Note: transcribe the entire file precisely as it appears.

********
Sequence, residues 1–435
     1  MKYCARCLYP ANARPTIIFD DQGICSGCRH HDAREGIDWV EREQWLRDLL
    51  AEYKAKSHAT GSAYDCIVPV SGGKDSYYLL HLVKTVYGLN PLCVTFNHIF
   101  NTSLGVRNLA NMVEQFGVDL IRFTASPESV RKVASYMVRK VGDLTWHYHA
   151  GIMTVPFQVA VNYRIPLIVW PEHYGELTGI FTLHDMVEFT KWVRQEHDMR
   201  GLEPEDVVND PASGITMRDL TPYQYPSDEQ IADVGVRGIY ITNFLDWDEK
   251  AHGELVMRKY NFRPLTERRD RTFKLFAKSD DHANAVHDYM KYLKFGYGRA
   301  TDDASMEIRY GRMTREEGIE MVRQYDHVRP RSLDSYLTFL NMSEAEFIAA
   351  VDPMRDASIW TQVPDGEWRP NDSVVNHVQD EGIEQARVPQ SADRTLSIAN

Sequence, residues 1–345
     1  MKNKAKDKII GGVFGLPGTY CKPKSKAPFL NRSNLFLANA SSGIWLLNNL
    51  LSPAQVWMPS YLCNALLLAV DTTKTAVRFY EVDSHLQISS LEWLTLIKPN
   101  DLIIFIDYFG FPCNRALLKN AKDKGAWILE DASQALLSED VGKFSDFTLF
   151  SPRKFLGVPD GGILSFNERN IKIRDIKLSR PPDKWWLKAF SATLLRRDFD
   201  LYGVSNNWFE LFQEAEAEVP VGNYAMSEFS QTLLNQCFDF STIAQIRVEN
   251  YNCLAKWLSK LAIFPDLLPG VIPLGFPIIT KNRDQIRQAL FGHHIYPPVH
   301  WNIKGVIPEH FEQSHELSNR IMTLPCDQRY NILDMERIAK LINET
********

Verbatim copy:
Sequence, residues 1–435
     1  MKYCARCLYP ANARPTIIFD DQGICSGCRH HDAREGIDWV EREQWLRDLL
    51  AEYKAKSHAT GSAYDCIVPV SGGKDSYYLL HLVKTVYGLN PLCVTFNHIF
   101  NTSLGVRNLA NMVEQFGVDL IRFTASPESV RKVASYMVRK VGDLTWHYHA
   151  GIMTVPFQVA VNYRIPLIVW PEHYGELTGI FTLHDMVEFT KWVRQEHDMR
   201  GLEPEDVVND PASGITMRDL TPYQYPSDEQ IADVGVRGIY ITNFLDWDEK
   251  AHGELVMRKY NFRPLTERRD RTFKLFAKSD DHANAVHDYM KYLKFGYGRA
   301  TDDASMEIRY GRMTREEGIE MVRQYDHVRP RSLDSYLTFL NMSEAEFIAA
   351  VDPMRDASIW TQVPDGEWRP NDSVVNHVQD EGIEQARVPQ SADRTLSIAN

Sequence, residues 1–345
     1  MKNKAKDKII GGVFGLPGTY CKPKSKAPFL NRSNLFLANA SSGIWLLNNL
    51  LSPAQVWMPS YLCNALLLAV DTTKTAVRFY EVDSHLQISS LEWLTLIKPN
   101  DLIIFIDYFG FPCNRALLKN AKDKGAWILE DASQALLSED VGKFSDFTLF
   151  SPRKFLGVPD GGILSFNERN IKIRDIKLSR PPDKWWLKAF SATLLRRDFD
   201  LYGVSNNWFE LFQEAEAEVP VGNYAMSEFS QTLLNQCFDF STIAQIRVEN
   251  YNCLAKWLSK LAIFPDLLPG VIPLGFPIIT KNRDQIRQAL FGHHIYPPVH
   301  WNIKGVIPEH FEQSHELSNR IMTLPCDQRY NILDMERIAK LINET